Such results suggest that if there is a pattern of stimulation, such as a pattern of caring or abusive treatment of a child, there would be lasting effects on synapses. And studies of chronically abused children confirm this supposition.
Humans and other animals possess an elaborate biological system for coping with stress. Responses in different parts of the brain, the endocrine glands, the immune system, and the cardiovascular system are coordinated to produce characteristic biochemical changes in response to unpleasant or potentially threatening environmental events. This interconnected system serves useful functions in evolution: it prepares the body for either fighting the stressful event or withdrawing from it.
Under normal circumstances, when the stressful events cease, the stress-based profile disappears and the body recovers its normal biochemical configuration. When the stresses are too severe or persistent, however, as with children who are physically or sexually abused repeatedly, the recovery cannot take place fast enough to keep up with the new stresses that occur. In this case, the biochemical configuration often changes permanently, with lasting damage to the personality.
The clinical neuroscientist Bruce Perry and his colleagues showed that responses to persistent trauma can take one of two general forms, or a combination of the two (Perry et al., 1995). One of these is the hyperarousal or fight-or-flight response. This is characterized by sensitization of pathways in the nervous system and other bodily organs (including the heart and endocrine glands) involved in responding to danger. This means the person becomes more likely to have an arousal response even to stimuli somewhat milder than the initial traumatic event.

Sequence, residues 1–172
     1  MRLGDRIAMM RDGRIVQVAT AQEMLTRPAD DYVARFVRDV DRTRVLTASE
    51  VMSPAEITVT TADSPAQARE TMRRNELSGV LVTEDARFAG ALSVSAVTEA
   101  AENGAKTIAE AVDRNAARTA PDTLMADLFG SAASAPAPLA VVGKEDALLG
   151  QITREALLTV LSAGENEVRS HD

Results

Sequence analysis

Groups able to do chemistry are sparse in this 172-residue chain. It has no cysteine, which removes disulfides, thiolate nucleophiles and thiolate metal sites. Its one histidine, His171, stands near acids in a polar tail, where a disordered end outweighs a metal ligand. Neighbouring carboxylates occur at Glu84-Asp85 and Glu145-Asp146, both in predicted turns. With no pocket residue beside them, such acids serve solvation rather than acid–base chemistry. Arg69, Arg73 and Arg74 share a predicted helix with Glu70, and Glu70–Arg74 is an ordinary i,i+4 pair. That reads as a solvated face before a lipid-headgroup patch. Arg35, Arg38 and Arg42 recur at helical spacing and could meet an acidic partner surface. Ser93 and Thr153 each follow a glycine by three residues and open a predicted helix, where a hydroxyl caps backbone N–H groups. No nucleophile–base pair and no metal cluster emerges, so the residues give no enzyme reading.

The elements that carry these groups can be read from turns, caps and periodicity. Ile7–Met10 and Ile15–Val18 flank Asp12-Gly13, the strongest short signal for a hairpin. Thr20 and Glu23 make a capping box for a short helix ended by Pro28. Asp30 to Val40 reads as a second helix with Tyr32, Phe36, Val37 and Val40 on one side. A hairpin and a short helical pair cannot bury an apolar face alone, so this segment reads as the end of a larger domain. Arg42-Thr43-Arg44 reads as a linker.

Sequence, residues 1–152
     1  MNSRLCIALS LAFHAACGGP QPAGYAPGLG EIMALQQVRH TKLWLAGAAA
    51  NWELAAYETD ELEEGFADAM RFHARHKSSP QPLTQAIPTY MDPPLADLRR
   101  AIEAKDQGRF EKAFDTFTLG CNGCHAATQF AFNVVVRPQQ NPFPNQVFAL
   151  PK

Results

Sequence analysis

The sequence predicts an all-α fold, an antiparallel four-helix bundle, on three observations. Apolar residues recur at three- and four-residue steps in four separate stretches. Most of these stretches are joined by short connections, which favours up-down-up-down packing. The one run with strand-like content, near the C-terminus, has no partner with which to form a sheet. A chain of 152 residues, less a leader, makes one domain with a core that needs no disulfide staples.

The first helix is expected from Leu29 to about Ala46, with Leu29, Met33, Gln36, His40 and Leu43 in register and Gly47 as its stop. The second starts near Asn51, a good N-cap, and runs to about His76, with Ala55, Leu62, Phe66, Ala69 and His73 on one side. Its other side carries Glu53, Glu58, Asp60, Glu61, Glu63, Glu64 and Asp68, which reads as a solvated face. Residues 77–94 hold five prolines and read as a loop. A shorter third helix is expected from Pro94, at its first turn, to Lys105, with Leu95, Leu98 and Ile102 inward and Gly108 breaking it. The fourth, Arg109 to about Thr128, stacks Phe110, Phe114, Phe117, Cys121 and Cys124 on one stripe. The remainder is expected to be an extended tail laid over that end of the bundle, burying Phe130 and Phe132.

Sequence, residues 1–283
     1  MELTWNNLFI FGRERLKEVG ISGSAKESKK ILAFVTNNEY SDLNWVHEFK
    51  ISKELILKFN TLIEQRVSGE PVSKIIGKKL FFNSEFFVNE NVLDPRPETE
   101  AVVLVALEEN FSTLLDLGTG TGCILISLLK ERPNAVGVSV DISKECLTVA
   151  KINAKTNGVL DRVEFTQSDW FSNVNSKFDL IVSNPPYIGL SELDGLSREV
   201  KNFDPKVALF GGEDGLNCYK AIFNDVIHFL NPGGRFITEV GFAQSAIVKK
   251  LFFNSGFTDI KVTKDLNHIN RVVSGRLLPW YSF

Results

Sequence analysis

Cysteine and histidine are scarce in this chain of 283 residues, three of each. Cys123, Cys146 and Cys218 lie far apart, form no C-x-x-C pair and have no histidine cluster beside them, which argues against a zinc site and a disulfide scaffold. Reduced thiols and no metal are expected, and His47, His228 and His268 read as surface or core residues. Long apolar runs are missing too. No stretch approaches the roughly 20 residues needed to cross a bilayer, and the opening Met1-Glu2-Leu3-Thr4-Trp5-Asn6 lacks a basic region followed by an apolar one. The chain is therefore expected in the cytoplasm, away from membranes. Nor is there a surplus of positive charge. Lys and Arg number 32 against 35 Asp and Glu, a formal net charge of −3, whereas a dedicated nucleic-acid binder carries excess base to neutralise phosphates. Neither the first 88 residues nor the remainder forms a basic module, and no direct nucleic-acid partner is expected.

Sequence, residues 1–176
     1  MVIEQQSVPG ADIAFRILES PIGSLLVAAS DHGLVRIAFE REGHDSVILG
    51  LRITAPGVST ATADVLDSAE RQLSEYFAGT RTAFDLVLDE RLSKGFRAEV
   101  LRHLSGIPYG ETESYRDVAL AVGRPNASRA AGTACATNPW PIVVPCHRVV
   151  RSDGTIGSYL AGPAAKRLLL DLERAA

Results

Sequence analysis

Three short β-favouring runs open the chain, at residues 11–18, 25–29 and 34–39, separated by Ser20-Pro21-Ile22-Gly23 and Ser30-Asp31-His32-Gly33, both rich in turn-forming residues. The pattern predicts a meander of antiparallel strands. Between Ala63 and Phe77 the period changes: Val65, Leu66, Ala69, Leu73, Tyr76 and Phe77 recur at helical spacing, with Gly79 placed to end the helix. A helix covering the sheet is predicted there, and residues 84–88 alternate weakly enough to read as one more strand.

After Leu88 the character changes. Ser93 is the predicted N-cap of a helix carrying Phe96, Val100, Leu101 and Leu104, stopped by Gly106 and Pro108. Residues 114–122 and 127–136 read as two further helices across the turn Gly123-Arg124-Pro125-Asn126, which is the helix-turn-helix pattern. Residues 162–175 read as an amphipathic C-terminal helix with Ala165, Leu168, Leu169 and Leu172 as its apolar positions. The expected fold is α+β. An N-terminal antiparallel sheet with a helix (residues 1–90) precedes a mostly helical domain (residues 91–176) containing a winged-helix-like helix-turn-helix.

The other form of response to trauma is the dissociative response. This is opposite to hyperarousal in that it involves freezing rather than fighting or fleeing. Dissociation is often accompanied by depression or a tendency to withdraw into fantasy or daydreaming, leading in some cases to addiction to alcohol or drugs.
The behaviors characteristic of the hyperarousal and dissociative responses involve changes in the available amounts of particular neural transmitters. These transmitters are the chemicals that control transmission of electrical signals at synapses between neuron. They work by binding chemically to a protein, called a receptor, at the cell that is receiving the signal.